Bride hunters

Leslie Barnes

From Les Mariees de Taiwan. Illustration: Clement Baloup

Les Mariees de Taiwan
Clement Baloup
Boite A Bulles: 2017
In Clement Baloup’s Les Mariees de Taiwan (“Taiwanese Brides”), the third volume of his Memoires de Viet Kieu (“Vietnamese Memories”) series, a dragon swoops down from the sky to carry a young woman from the Vietnamese countryside to Taipei, where her new husband waits.

The first two volumes, Quitter Saigon (“Leaving Saigon”, 2010) and Little Saigon (2012), focus on the Vietnamese communities in France and the United States respectively and explore exile in relation to the history and consequences of imperialism and war in modern Vietnam. This third volume examines Vietnamese women who leave to marry Taiwanese men, thinking that, in so doing, they ensure a better life for themselves and the family they leave behind. Equal parts oneiric fiction and ethnographic study, the graphic novel offers a lucid critique of contemporary cross-border marriage migration between Vietnam and Taiwan, the force of which is captured in two of its more salient scenes.

In the first, a marriage recruiter asks the protagonist to undress so she can verify there are no corporeal defects that might compromise her value on the market. This allusion to the biopolitical measures to which economic migrants are subjected centres on the idea that the body of the Vietnamese marriage migrant in particular is a source of disease and deformity. It evokes the history of imperial struggle in Vietnam in which, at its apex, the US poisoned the Vietnamese with Agent Orange; it also conjures the xenophobic appeals of nationalist politicians in Taiwan, who have cautioned against “infecting” the Taiwanese body politic by mixing with these women.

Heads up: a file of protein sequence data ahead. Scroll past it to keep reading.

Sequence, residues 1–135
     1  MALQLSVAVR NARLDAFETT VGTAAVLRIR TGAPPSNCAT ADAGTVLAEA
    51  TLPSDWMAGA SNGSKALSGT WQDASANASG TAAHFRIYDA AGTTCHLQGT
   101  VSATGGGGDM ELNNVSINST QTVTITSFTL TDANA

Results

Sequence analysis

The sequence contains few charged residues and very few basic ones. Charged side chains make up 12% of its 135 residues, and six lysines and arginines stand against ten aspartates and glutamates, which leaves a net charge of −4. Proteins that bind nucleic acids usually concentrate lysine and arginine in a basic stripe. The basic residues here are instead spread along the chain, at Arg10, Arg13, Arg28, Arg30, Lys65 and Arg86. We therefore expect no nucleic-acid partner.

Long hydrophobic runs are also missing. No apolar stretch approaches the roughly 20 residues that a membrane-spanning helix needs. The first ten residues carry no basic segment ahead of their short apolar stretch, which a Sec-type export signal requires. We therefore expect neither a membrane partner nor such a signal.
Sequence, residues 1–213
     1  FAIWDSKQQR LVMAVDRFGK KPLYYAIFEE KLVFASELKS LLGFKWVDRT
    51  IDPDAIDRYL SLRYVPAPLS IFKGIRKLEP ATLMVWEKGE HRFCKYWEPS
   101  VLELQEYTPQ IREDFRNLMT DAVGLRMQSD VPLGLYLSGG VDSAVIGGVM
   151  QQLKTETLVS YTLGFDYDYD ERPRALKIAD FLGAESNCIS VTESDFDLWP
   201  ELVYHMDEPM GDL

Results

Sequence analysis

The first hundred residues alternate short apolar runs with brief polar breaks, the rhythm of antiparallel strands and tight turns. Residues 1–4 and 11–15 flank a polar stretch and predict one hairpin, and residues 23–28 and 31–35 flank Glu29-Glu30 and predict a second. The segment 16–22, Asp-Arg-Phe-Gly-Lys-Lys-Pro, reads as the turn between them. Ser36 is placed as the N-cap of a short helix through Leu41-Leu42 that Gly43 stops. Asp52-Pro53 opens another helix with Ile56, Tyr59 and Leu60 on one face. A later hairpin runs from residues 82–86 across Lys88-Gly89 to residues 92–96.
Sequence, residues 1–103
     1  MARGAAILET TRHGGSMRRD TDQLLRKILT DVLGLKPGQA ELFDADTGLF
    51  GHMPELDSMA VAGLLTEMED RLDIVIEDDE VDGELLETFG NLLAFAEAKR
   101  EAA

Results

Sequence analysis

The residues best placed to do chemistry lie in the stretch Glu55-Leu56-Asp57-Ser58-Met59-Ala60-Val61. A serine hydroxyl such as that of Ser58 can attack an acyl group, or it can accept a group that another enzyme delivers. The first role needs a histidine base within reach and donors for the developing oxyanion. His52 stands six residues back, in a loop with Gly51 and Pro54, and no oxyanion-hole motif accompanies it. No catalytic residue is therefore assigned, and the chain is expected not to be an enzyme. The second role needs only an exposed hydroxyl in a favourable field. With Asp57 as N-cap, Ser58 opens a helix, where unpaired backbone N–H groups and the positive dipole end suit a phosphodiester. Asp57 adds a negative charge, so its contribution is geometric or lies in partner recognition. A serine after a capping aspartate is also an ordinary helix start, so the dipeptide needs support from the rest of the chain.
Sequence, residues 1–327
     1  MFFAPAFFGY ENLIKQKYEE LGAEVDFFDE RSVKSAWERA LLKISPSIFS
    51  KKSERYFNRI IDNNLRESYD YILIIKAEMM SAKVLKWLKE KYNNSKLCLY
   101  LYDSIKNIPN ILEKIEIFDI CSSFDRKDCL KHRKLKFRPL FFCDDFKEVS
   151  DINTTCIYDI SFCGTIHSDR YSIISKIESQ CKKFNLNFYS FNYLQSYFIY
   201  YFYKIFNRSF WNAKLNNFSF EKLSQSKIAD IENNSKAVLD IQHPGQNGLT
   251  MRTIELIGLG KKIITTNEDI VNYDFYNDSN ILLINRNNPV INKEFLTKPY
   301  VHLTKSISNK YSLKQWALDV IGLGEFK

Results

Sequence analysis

The second scene is a modified reproduction of M.C. Escher’s Relativity and a piercing visual allusion to the network of contradictory economic forces and social expectations in which the marriage migrant and her host family are confined. Like Escher’s lithograph, Baloup’s panels represent an architectural space in which the laws of gravity appear to have been suspended, but which is nevertheless composed of planes in which they maintain their hold. Denied complex subjectivity by the reductive categories used to position them (eg, migrants as passive victims or economic opportunists; husbands as socio-economic failures or perpetrators of sex trafficking), none of the figures in the image seem to recognise the paradoxical nature of this situation, from which there appears to be no escape.

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